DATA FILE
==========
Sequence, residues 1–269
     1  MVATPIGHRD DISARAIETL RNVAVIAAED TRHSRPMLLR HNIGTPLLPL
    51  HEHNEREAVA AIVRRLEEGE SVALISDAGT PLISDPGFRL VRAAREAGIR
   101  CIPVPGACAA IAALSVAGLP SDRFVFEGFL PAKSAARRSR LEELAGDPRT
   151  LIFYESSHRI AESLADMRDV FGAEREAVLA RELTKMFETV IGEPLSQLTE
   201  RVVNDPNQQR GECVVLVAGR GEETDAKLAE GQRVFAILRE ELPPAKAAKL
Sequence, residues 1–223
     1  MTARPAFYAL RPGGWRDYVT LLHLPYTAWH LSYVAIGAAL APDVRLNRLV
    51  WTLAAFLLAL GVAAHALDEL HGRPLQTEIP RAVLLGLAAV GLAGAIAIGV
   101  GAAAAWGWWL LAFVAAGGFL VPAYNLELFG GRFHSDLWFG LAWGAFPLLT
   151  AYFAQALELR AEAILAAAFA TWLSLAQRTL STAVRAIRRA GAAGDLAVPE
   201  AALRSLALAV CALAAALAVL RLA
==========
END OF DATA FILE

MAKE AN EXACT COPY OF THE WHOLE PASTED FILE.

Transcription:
Sequence, residues 1–269
     1  MVATPIGHRD DISARAIETL RNVAVIAAED TRHSRPMLLR HNIGTPLLPL
    51  HEHNEREAVA AIVRRLEEGE SVALISDAGT PLISDPGFRL VRAAREAGIR
   101  CIPVPGACAA IAALSVAGLP SDRFVFEGFL PAKSAARRSR LEELAGDPRT
   151  LIFYESSHRI AESLADMRDV FGAEREAVLA RELTKMFETV IGEPLSQLTE
   201  RVVNDPNQQR GECVVLVAGR GEETDAKLAE GQRVFAILRE ELPPAKAAKL
Sequence, residues 1–223
     1  MTARPAFYAL RPGGWRDYVT LLHLPYTAWH LSYVAIGAAL APDVRLNRLV
    51  WTLAAFLLAL GVAAHALDEL HGRPLQTEIP RAVLLGLAAV GLAGAIAIGV
   101  GAAAAWGWWL LAFVAAGGFL VPAYNLELFG GRFHSDLWFG LAWGAFPLLT
   151  AYFAQALELR AEAILAAAFA TWLSLAQRTL STAVRAIRRA GAAGDLAVPE
   201  AALRSLALAV CALAAALAVL RLA